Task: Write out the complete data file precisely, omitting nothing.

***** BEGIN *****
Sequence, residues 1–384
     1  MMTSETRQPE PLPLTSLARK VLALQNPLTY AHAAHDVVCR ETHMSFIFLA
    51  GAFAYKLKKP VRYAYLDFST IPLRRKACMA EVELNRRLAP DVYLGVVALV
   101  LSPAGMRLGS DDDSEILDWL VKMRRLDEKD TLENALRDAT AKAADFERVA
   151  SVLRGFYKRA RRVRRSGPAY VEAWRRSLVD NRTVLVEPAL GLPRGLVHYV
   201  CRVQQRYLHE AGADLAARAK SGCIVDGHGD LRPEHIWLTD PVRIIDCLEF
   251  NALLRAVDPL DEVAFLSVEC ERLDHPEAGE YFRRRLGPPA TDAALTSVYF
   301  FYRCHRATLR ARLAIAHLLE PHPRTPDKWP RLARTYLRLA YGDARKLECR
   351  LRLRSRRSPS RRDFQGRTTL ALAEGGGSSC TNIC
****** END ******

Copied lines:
Sequence, residues 1–384
     1  MMTSETRQPE PLPLTSLARK VLALQNPLTY AHAAHDVVCR ETHMSFIFLA
    51  GAFAYKLKKP VRYAYLDFST IPLRRKACMA EVELNRRLAP DVYLGVVALV
   101  LSPAGMRLGS DDDSEILDWL VKMRRLDEKD TLENALRDAT AKAADFERVA
   151  SVLRGFYKRA RRVRRSGPAY VEAWRRSLVD NRTVLVEPAL GLPRGLVHYV
   201  CRVQQRYLHE AGADLAARAK SGCIVDGHGD LRPEHIWLTD PVRIIDCLEF
   251  NALLRAVDPL DEVAFLSVEC ERLDHPEAGE YFRRRLGPPA TDAALTSVYF
   301  FYRCHRATLR ARLAIAHLLE PHPRTPDKWP RLARTYLRLA YGDARKLECR
   351  LRLRSRRSPS RRDFQGRTTL ALAEGGGSSC TNIC